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Twists, turns and trade: A new look at the Indian Screw tree ( Helicteres isora )

Cunningham, A.B., Ingram, W., Brinckmann, J.A. and Nesbitt, M. (2018) Twists, turns and trade: A new look at the Indian Screw tree ( Helicteres isora ). Journal of Ethnopharmacology, 225 . pp. 128-135.

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Ethnopharmacological relevance
This is the first study of global trade in fruits of the widely used traditional medicine, Helicteres isora L.. It is used in Ayurvedic, Siddha, Unani medical systems and/or local folk traditional medicines in Bangladesh, India and Pakistan. The roots are used in Traditional Chinese Medicines in China and the fruits in jamu products in Indonesia, Malaysia and Thailand. In addition, H. isora fruits are also used in "traditional" medical systems far beyond the natural distribition of this species, for example in Zulu herbal medicine (South Africa) and Kurdish herbal medicines (Iraq)

Aims of the study
This study had three aims: (i) to assess the global trade in H. isora fruits; (ii) to study the H. isora trade from West Timor to Java in terms of actors and prices along the value chain and (iii) to get a better understanding of the potential of this species to improve household income in eastern Indonesia

Materials and Methods
This study uses historical records, a contemporary analysis of global trade data (2014–2016) and field assessments of value chains and the biological factors influencing H. isora fruit production.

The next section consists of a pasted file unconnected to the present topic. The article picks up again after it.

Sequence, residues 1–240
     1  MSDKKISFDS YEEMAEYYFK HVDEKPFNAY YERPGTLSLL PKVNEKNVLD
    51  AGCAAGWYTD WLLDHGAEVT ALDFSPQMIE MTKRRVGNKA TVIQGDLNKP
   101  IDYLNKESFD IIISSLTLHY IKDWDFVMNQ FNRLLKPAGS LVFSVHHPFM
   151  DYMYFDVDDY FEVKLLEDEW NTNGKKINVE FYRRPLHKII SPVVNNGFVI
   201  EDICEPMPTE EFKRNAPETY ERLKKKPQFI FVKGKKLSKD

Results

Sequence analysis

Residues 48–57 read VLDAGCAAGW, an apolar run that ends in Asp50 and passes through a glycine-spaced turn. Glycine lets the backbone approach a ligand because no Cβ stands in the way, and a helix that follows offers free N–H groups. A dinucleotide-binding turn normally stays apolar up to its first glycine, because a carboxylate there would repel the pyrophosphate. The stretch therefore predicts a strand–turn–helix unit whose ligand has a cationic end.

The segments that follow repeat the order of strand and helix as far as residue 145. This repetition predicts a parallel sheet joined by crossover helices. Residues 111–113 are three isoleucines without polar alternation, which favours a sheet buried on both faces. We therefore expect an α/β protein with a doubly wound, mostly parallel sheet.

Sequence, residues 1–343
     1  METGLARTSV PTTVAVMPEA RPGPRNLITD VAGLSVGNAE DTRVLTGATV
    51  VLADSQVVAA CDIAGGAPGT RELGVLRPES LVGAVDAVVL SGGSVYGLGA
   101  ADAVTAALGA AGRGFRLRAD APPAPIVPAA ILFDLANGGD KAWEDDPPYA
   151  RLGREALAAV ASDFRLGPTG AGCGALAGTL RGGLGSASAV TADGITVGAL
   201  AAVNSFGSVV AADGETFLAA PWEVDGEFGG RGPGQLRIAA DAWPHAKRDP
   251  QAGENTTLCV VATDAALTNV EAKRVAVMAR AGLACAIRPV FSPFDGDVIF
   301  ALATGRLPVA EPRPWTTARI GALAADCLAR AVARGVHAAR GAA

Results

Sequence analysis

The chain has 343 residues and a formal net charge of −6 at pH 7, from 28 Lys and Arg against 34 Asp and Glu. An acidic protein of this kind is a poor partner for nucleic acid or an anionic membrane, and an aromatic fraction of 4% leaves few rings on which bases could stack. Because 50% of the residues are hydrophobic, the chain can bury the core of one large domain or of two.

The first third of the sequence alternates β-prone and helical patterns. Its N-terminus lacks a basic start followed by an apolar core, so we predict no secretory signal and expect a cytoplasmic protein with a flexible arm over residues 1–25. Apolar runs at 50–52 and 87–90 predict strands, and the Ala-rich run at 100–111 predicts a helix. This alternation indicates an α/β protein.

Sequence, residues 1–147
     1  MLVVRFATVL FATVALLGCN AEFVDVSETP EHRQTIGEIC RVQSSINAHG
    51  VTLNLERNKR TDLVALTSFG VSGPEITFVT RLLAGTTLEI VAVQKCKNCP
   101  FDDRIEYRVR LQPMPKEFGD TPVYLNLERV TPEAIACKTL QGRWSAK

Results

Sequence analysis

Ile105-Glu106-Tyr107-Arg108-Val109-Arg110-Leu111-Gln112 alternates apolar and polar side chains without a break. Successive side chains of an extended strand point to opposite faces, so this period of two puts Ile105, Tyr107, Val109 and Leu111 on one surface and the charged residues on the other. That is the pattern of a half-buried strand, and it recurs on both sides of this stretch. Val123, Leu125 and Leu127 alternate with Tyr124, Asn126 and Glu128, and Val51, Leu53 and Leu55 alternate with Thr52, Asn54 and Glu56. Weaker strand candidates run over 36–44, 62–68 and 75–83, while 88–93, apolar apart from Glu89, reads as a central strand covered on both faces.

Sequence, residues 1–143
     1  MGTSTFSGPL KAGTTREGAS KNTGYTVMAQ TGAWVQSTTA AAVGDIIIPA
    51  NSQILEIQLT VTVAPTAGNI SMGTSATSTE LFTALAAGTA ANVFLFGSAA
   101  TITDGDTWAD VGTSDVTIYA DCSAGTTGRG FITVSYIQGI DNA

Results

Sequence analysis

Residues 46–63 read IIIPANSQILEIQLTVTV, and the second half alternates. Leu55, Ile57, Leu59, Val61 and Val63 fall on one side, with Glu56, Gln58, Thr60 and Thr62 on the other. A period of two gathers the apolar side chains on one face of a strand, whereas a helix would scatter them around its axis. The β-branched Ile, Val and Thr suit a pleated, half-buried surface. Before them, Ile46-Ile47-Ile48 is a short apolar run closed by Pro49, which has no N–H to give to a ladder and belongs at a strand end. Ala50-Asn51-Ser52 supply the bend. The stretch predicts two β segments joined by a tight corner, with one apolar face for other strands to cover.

Globally, the major exporter of H. isora fruits is India, which exports H. isora fruits to 19 countries, far beyond the natural geographical distribution of this species. Over a 36-month period (January 2014 – December 2016), India exported 392 t of H. isora fruits, with a Free-On-Board (FOB) value of Indian rupiah (INR) 18,337,000 (US$ 274,055). This represents an average annual export quantity of about 130,526 kg/year. Over this three year period, most of these exports (85.5%) were to Indonesia (346.58 t), followed by Thailand (6.85%). Indian H. isora exports are also used in many other medical systems, including Kurdish and Zulu “traditional” medicines in Iraq and South Africa. Formation of an Indian diaspora in Bahrain, Mauritius, South Africa, Tanzania and Trinidad and Tobago over the past 130 years is one of the drivers of H. isora fruit trade outside the natural geographic distribution of the species. In Indonesia, demand for H. isora fruits is supplemented by an intra-island trade in Java and an inter-island trade from East Nusa Tenggara. West Timor, for example, exports around 31–37 t of air-dried H. isora fruits per year to Java. At the farm gate, local harvesters in West Timor get 4000 IDR (c. 0.3 US$) per kg, with businesses in Java paying 25000 IDR (c.US$2) per kg for H. isora fruits. This is similar to the price paid for H. isora fruits imported from India to Java.

India is the major exporter of whole dried H. isora fruits, including to countries where this species has never been in traditional use. In Indonesia, H. isora fruit extracts are used in the cosmetic industry as well as in jamu herbal medicines, including “Tolak Angin”, the country's most popular commercial “jamu” preparation. Indonesia also is the major importer of H. isora fruits from India. In eastern Indonesia, improved income to local villagers from the H. isora fruit trade could come from improved H. isora fruit quality due to better drying techniques. This would also reduce health risks along the supply chain from to mycotoxins that have been recorded on poorly dried H. isora fruits. There also is an opportunity for cultivation of H. isora in small-holder teak plantations in Indonesia, with harvest of H. isora fruits as well as the medicinal bark.

Item Type: Journal Article
Murdoch Affiliation: School of Veterinary and Life Sciences
Publisher: Elsevier B.V.
Copyright: © 2018 Published by Elsevier B.V.
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